Seated nude: The black hat (c1900)
We first mentioned English impressionist Philip Wilson Steer in our post on the Pettigrew sisters, of whom Rose was his favoured model. This painting, dating to about 1900, is too late to be Rose who, having married in 1896 (and not to Steer, to her disappointment), had stopped modelling.
Steer, apart from his wonderful landscapes, always had an interest in paintings of the nude but this one was never exhibited in his lifetime. He sold it, along with a number of other works, to the Tate Gallery in 1941, a year before his death. Eschewing the classicism of Alma-Tadema, Leighton, Godward and their peers, Steers nudes always inhabited contemporary spaces. Steer told the director of the Tate, Sir John Rothenstein, that his friends reckoned the hat spoiled the painting and that it was indecent that a nude should be portrayed wearing a hat, so he never exhibited it. Of course, the hat completely makes the painting and transforms what would be a conventional studio view into something more charming.
Interestingly, the far more erotically charged Sleep was exhibited, shortly after it was painted. It was later bought by Winston Churchill'c cousin, Lord Ivor Spencer-Churchill, who presented it to the Tate in 1927. The light on the slightly spread legs drawing attention to the shadowed place between them, the model clutches her breast and looks as if she is dreamily contemplating something arousing. This is certainly not a natural sleeping position and we wonder how Steer could think The black hat was unsuitable for public exhibition but this was.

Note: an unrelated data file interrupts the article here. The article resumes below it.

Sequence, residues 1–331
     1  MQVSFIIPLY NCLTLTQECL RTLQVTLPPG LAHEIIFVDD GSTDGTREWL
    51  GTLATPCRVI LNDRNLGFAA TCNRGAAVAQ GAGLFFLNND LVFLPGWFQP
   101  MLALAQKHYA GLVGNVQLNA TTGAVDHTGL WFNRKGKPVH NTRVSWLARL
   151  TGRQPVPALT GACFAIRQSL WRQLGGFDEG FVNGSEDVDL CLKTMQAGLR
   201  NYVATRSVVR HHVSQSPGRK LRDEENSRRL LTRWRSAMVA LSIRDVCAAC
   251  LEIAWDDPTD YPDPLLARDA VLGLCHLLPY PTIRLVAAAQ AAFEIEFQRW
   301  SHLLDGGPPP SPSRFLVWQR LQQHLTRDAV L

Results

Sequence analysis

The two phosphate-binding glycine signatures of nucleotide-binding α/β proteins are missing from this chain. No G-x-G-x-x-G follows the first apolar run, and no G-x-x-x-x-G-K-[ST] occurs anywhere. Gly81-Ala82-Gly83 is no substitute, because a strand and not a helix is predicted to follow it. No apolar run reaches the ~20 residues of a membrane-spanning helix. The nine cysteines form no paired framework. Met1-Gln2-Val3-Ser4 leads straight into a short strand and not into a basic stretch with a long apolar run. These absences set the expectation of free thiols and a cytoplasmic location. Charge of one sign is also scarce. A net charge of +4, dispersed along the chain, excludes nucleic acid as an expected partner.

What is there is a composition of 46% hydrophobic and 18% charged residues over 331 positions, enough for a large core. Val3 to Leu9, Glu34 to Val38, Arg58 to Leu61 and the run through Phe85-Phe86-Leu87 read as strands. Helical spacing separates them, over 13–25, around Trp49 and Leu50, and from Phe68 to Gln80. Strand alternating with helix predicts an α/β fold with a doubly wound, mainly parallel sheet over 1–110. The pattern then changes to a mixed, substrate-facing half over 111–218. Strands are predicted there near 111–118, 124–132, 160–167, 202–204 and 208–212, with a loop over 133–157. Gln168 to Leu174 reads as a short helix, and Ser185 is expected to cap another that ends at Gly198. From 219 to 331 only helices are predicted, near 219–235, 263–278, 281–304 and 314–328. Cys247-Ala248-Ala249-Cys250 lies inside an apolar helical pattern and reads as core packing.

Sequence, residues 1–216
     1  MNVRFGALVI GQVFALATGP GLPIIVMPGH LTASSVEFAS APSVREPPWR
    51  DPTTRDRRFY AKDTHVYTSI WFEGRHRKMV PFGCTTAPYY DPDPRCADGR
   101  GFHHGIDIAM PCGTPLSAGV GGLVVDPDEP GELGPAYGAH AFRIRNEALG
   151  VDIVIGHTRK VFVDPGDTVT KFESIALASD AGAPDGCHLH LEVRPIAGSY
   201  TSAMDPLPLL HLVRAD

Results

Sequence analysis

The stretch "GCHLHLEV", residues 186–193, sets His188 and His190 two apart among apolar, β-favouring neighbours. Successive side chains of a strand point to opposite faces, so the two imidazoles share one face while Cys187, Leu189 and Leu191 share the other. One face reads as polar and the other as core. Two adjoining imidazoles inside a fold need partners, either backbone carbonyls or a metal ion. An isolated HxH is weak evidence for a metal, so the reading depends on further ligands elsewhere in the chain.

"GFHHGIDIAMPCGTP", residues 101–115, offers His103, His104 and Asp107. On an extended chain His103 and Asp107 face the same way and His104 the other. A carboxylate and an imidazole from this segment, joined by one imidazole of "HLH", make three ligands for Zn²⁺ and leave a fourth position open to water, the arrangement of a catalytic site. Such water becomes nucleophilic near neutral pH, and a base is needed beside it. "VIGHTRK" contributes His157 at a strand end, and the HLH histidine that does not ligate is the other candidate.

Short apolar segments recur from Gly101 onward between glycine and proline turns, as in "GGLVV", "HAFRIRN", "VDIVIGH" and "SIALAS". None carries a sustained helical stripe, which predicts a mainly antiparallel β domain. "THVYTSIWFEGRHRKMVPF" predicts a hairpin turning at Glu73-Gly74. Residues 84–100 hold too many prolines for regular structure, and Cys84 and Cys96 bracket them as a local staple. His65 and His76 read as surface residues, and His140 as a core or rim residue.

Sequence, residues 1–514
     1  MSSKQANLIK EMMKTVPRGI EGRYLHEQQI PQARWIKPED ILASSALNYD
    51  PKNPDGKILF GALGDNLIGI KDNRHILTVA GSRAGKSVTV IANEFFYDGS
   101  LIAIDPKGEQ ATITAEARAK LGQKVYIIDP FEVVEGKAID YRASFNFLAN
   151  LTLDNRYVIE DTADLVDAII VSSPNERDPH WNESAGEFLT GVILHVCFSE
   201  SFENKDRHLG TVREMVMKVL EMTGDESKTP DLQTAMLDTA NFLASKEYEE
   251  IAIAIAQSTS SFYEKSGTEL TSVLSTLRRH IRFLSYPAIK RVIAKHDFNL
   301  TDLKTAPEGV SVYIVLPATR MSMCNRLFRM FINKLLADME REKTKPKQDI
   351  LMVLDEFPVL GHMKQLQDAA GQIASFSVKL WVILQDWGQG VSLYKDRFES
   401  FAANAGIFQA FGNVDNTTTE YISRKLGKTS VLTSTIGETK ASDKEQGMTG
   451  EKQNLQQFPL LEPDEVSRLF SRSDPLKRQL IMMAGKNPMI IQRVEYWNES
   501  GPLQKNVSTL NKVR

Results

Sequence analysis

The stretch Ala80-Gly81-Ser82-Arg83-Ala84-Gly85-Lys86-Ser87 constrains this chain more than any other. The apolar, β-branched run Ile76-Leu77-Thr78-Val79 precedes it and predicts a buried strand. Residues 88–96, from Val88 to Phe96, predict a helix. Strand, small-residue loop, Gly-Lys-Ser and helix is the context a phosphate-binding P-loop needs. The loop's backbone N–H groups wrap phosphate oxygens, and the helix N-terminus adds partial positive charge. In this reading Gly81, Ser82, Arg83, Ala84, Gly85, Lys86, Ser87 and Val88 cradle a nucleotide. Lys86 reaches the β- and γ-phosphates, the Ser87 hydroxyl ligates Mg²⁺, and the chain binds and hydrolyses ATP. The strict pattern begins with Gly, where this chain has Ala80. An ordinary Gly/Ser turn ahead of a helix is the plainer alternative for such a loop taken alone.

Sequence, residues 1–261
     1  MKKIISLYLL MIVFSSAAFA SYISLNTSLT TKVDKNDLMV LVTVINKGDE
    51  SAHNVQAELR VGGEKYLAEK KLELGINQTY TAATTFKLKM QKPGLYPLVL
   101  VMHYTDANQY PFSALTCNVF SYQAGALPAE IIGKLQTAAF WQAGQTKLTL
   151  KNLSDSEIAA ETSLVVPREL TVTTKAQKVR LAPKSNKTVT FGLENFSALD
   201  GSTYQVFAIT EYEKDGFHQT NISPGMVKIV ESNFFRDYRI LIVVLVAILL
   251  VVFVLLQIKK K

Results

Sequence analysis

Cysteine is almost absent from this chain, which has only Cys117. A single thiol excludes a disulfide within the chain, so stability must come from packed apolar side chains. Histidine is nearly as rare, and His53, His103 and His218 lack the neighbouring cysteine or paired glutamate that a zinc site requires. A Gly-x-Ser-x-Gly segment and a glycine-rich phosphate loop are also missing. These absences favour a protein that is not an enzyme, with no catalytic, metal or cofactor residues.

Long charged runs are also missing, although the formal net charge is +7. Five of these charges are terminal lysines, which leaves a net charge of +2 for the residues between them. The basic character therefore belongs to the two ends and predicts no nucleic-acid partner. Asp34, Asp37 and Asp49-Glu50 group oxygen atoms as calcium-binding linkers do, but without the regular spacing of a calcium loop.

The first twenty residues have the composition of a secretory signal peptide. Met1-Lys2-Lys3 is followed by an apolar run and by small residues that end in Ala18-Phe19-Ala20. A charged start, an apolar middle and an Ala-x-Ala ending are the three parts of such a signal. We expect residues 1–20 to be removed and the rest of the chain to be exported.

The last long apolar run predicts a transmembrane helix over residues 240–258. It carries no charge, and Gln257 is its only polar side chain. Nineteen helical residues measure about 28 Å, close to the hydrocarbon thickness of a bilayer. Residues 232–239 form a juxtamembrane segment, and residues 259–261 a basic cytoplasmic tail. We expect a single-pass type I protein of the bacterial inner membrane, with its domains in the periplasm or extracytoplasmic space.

Steer couldn't get into the Royal Academy to study so went to Paris in 1882 where he came under the influence of Manet and Whistler. When he returned to England in 1884 he had acquired an impressionist style. In 1893 he was appointed as Professor of Art in the Slade School of Fine Art in London. Steer taught and influenced such painters as Augustus John and William Orpen.